Arcade game centers may have all but disappeared in the west, but they are still popular in Japan and it looks as though Sega has found a new use for all the arcade cabinets they contain.
As Ars Technica reports, Japanese game centers are only open for so many business hours every day. The rest of the time, thousands of arcade cabinets and the hardware they contain sit idle. It seems, someone at Sega thought of a way to make use of all that performance by utilizing the cabinets to help power a cloud gaming service. It’s being referred to as “fog gaming,” which may end up being the name of the service.
What’s unclear right now is how advanced of an idea it is in terms of launching an actual service for Japanese gamers to enjoy at home, and also what games would be offered. Is it going to be limited to the arcade games already offered in game centers, or be a more general cloud gaming experience offering many more titles?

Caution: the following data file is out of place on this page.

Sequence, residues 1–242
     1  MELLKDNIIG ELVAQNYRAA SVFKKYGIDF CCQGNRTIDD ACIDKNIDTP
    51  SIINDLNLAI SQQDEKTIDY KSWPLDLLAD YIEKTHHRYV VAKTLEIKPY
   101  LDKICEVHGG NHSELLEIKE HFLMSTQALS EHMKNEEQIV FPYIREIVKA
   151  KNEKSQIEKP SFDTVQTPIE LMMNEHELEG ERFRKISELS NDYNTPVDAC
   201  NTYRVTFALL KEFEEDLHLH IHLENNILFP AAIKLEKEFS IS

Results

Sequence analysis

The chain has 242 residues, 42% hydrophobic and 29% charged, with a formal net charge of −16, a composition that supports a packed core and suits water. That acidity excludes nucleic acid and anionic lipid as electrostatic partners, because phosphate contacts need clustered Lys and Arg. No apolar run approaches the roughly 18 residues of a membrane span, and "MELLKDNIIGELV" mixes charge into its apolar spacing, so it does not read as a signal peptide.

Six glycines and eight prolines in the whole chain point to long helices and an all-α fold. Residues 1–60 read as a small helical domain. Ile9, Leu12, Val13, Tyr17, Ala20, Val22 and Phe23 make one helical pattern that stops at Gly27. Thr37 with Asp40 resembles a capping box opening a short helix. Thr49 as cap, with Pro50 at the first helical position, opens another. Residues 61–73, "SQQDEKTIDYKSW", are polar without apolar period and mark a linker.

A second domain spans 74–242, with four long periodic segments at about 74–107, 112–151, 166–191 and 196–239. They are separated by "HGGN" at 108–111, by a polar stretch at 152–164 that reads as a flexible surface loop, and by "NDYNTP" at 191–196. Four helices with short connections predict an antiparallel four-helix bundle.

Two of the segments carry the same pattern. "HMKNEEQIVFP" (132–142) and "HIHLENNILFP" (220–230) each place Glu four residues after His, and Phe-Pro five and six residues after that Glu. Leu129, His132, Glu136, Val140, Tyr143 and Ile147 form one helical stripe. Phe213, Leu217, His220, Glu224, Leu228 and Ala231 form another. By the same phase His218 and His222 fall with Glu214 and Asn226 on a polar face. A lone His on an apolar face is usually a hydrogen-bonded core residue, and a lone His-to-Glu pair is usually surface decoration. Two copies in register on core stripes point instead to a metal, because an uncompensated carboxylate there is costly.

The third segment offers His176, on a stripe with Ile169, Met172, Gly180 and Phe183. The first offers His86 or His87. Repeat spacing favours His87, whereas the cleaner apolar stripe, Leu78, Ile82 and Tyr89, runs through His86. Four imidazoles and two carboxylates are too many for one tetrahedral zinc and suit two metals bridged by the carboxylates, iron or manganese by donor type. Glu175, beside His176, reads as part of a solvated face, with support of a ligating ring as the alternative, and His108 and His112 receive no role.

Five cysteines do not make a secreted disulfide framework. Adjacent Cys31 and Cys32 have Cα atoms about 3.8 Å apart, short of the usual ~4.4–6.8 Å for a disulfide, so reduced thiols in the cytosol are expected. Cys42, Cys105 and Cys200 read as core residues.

Sega’s arcade cabinets have been connected to the internet for years thanks to the company’s All.Net platform. It’s used for online competitions, as well as to distribute the latest high scores for a game or allow a player to take their profile with them to different arcades. With that in mind, the cabinets are already setup to act as cloud gaming nodes assuming the connections are fast enough.
The choice of cloud gaming services is growing, with GeForce Now, PlayStation Now, Google Stadia, and Project xCloud being the most prominent at the moment. Sega could soon join that line-up, but only in Japan where playing games in arcades is still a thing. If it works, it could also give game centers a new revenue stream and allow them to survive for longer.